How to make sure if it will work or not?
The reason why it's in the "future work" section is that no-one knows because it hasn't yet been done (and it's easily possible the original authors never will try it). "Future work" ideas can range in feasibility from wild speculation to simple, almost-guaranteed-to-work extensions that just need a bit more manpower or computer power to finish.
This is a good topic to discuss with your supervisor as soon as possible. You should be asking questions such as:
- How feasible might it be for these ideas to lead to some useful conclusions?
- What if it doesn't work? How soon will we know, and what alternative paths are there?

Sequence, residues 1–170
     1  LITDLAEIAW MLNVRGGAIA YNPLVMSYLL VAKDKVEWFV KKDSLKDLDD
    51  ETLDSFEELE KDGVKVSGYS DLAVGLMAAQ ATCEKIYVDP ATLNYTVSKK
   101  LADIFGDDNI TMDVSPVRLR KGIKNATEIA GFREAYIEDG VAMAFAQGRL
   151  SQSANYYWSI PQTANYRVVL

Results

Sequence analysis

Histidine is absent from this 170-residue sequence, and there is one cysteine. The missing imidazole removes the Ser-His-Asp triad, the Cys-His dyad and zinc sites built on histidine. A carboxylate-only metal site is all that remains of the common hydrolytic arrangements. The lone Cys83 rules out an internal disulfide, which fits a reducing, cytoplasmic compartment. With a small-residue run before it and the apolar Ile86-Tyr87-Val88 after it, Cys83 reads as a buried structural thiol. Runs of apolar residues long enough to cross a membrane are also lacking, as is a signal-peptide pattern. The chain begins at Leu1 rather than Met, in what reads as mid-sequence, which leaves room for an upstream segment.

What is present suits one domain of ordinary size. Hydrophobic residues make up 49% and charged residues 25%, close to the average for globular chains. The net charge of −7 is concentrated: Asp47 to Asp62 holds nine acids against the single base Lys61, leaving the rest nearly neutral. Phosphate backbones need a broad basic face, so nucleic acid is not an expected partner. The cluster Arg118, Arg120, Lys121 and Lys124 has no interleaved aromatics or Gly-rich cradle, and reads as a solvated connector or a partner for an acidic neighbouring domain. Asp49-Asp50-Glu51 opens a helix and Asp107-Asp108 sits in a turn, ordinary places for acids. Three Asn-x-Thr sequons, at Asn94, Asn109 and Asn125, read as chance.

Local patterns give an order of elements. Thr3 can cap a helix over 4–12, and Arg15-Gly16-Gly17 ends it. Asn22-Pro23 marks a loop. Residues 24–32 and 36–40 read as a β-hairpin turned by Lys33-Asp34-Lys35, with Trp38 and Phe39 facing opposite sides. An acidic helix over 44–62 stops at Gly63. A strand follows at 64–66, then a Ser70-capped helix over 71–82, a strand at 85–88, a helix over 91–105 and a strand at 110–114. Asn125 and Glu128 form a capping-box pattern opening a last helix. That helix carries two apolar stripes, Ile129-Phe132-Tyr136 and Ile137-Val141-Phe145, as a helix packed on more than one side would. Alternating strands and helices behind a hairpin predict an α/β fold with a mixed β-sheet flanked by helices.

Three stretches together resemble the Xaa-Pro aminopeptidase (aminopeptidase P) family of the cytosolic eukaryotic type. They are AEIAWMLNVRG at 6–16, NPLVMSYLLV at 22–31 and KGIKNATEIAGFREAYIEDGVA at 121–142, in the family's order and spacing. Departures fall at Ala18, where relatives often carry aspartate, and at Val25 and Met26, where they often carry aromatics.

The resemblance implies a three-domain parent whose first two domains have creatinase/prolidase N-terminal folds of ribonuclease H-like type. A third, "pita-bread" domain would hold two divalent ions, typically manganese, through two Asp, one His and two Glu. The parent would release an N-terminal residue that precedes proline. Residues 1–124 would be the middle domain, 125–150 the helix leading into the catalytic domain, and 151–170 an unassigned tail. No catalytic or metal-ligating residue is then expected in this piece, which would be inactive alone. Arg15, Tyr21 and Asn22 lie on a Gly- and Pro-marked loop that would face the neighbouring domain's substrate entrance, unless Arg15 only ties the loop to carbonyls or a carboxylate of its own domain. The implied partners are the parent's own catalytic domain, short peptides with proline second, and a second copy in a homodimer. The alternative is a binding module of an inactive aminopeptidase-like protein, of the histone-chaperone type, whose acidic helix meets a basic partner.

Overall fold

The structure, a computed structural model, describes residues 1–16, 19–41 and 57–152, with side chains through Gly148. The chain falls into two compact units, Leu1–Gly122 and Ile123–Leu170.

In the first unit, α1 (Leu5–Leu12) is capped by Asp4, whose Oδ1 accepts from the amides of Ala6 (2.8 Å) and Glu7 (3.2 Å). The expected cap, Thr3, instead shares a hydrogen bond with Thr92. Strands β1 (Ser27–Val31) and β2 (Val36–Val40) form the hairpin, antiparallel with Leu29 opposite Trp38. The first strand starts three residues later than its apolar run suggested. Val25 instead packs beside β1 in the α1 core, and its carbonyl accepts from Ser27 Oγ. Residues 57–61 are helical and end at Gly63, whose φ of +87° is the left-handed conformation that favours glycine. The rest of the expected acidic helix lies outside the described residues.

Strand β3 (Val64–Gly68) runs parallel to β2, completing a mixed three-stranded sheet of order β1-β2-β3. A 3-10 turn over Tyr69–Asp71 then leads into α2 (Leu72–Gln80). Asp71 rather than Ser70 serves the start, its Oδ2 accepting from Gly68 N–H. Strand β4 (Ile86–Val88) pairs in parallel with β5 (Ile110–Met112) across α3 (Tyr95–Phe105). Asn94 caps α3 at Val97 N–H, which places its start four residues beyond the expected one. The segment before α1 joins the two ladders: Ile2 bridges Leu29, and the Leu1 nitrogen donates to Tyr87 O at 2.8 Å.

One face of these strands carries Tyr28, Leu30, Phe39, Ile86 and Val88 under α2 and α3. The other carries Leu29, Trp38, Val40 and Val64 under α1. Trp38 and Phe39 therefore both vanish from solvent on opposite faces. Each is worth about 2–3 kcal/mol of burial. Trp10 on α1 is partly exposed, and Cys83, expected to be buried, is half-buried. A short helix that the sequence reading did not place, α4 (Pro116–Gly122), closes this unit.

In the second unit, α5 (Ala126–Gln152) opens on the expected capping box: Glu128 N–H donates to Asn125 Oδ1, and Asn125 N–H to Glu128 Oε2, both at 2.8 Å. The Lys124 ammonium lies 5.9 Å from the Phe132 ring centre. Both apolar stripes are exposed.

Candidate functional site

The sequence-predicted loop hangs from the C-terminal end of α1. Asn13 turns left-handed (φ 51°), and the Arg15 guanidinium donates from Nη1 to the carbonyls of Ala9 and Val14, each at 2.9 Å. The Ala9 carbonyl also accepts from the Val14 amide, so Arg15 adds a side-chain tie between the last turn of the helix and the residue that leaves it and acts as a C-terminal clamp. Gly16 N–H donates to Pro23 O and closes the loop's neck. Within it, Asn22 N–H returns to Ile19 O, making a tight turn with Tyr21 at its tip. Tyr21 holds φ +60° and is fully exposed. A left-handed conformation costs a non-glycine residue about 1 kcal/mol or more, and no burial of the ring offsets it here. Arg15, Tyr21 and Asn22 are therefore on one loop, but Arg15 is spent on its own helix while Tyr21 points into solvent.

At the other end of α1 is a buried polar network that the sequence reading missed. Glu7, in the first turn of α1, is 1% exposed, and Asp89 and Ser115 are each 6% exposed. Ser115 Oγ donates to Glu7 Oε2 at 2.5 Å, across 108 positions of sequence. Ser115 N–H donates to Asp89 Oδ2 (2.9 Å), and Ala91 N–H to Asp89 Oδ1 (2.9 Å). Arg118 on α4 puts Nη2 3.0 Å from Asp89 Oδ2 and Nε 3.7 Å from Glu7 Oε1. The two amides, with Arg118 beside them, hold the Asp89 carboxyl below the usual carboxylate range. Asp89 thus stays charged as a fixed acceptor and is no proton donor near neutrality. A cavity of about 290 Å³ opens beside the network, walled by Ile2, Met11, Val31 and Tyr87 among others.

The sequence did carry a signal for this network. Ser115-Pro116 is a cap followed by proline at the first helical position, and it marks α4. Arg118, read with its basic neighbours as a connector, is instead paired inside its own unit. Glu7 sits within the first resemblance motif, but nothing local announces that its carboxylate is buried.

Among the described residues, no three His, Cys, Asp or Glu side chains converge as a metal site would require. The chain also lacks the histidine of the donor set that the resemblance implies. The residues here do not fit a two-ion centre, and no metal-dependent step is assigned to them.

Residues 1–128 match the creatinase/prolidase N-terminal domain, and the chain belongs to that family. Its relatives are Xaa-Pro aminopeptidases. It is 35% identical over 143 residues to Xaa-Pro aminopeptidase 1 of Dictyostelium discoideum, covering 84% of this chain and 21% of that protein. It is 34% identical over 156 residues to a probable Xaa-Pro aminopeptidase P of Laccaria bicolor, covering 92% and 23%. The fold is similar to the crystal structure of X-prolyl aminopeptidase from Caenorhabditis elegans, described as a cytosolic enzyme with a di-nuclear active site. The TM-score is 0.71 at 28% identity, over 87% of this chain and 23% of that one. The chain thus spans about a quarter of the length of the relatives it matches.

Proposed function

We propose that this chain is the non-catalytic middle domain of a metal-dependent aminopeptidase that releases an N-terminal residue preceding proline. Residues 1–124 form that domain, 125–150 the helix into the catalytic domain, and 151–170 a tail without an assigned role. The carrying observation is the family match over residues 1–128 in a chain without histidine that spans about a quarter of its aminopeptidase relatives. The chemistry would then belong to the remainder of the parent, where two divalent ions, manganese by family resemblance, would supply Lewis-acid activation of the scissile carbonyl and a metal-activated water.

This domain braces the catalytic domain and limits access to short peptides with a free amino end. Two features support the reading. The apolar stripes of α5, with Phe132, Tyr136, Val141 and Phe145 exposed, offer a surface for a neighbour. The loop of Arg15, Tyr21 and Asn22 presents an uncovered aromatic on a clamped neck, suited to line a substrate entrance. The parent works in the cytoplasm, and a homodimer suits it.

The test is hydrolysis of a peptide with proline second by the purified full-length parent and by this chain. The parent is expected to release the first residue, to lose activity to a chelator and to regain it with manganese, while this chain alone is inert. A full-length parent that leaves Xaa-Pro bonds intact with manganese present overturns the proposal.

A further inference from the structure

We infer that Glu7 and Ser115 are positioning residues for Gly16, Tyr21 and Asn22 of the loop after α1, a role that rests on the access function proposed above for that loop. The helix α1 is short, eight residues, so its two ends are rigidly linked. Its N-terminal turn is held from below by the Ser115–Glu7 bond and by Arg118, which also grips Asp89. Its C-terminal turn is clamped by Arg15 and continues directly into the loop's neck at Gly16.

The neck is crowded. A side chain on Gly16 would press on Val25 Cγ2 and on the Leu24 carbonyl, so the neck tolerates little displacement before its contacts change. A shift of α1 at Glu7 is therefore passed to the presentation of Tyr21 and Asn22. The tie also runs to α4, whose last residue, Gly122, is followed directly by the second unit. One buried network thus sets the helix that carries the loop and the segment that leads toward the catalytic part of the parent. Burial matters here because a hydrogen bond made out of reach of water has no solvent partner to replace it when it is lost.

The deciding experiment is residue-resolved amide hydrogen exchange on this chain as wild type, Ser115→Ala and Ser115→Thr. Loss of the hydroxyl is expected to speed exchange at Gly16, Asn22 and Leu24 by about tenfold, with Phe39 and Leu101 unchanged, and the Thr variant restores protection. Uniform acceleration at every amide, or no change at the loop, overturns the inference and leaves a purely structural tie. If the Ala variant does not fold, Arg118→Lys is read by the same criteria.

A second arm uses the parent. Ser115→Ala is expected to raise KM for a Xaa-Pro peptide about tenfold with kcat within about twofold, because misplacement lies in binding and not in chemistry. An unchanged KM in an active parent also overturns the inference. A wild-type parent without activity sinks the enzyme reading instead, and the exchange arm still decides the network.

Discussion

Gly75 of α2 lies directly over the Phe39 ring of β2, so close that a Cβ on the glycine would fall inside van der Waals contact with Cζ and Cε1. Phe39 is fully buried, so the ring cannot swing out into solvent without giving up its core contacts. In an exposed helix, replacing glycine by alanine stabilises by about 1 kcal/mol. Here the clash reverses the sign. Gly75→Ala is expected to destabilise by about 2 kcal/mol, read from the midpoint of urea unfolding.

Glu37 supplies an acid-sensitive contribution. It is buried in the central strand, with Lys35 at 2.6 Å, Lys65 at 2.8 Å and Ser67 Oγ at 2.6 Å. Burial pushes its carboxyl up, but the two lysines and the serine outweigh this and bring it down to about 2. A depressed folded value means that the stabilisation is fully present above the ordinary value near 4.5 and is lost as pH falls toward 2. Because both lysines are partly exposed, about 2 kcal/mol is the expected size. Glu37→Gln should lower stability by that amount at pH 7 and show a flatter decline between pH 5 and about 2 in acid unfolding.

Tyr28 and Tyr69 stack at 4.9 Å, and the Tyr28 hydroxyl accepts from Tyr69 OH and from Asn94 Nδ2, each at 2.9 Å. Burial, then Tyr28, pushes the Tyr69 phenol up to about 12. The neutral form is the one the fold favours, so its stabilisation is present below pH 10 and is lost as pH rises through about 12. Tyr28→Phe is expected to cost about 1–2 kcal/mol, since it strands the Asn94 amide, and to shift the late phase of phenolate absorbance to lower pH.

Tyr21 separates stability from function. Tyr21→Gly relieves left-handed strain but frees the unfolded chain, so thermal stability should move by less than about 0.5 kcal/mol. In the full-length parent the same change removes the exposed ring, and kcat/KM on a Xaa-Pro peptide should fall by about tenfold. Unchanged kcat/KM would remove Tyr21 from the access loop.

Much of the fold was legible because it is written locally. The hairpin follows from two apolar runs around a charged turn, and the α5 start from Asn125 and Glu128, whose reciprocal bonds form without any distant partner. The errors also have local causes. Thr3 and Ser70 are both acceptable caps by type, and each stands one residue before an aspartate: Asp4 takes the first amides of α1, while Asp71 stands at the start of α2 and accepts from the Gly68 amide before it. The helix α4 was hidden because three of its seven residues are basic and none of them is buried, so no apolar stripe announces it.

Of course, some ideas are much easier and more feasible than others. There's no way to know for sure but to try the idea yourself (after making sure that the problem is not already solved in later literature). Because dead-ends often go unpublished, it might even be worth contacting the relevant authors to ask if they attempted to follow up on their future ideas.
It's a courteous thing to do especially if theirs is a recent publication: if the original authors are still working on the problem, publishing the solution first might annoy the other researchers. Though whether to proceed anyway (and give them notice that you're working on the idea as well), stay silent, or offer to collaborate, is a dilemma that's off-topic for this question.